Meningitis is also a concern for international travelers. This infection occurs worldwide, but the highest risk occurs in the 'meningitis belt' in Africa from Mali to Ethiopia. There are different types of meningitis- Spinal, viral, and bacterial are just three-and vaccination guards against all of them.
Generally speaking, meningitis is an inflammation of the membrane that covers and protects the brain inside the skull cavity and that also protects and covers the spinal cord. You should take Meningococcal conjugate vaccine to prevent Meningitis.
Meningitis is a deadly disease. It spreads after prolonged or close contact with an infected individual, not from casual encounters. Treatment is often delayed as the symptoms of meningitis – fever, headache, nausea, and vomiting – are mistaken for a simple viral infection.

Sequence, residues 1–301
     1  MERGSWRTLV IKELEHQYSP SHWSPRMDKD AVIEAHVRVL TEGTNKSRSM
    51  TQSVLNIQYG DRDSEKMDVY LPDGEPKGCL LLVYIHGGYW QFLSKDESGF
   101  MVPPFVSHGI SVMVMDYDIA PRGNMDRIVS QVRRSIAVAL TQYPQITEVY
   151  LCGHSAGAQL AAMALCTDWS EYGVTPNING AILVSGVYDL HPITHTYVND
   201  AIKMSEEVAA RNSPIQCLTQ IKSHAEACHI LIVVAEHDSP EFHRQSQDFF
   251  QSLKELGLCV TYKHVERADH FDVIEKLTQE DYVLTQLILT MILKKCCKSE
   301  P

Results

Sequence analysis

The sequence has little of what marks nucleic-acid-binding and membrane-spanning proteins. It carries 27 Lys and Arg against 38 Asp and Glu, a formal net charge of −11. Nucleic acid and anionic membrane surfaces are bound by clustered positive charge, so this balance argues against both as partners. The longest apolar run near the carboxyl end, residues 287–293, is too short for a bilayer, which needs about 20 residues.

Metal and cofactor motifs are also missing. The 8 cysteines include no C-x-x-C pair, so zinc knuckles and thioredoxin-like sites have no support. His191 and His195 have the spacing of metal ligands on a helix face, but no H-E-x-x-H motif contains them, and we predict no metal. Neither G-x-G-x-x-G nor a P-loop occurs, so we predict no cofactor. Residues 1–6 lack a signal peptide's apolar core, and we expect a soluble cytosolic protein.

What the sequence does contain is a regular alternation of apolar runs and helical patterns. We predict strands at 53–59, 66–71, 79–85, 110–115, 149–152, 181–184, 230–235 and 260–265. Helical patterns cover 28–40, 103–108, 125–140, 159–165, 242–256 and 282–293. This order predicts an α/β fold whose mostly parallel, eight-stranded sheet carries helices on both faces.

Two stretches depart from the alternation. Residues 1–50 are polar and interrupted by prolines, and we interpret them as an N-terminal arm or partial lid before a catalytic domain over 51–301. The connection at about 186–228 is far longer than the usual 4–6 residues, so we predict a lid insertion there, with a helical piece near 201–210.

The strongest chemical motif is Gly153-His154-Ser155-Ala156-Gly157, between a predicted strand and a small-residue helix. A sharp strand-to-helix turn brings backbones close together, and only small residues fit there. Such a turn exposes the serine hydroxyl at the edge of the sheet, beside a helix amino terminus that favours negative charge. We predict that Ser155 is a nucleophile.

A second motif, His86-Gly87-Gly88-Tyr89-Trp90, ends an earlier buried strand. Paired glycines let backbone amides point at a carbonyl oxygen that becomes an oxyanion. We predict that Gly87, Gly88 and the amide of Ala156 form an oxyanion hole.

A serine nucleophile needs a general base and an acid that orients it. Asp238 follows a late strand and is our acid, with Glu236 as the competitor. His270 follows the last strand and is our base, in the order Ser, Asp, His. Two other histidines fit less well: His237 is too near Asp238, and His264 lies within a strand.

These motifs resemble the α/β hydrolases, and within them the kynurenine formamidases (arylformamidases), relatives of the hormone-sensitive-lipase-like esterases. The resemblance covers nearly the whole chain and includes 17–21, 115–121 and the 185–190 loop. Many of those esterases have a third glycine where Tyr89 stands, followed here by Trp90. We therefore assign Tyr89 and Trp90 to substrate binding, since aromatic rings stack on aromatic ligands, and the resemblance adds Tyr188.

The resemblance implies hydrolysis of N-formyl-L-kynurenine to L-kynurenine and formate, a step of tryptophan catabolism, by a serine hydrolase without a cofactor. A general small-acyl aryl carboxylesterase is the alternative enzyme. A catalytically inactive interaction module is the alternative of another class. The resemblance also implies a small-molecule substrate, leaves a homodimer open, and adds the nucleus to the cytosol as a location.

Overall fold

Two symptoms that are typical of meningitis are a stiff neck and avoidance of bright lights, although meningitis patients may not have these symptoms. Prompt suspicion of the disease and early treatment can be literally lifesaving.
Fortunately, there is a meningitis vaccine available, which should be administered at least 10 days before departure to regions with meningitis risk, although even last-minute travelers should be vaccinated.
Your travel doctor will be up-to-date on the latest developments in worldwide meningitis infection patterns. Your particular itinerary and season of travel will be critical to determine if this vaccine is necessary. In addition to meningitis vaccine, travelers may require many other important travel vaccinations before departure.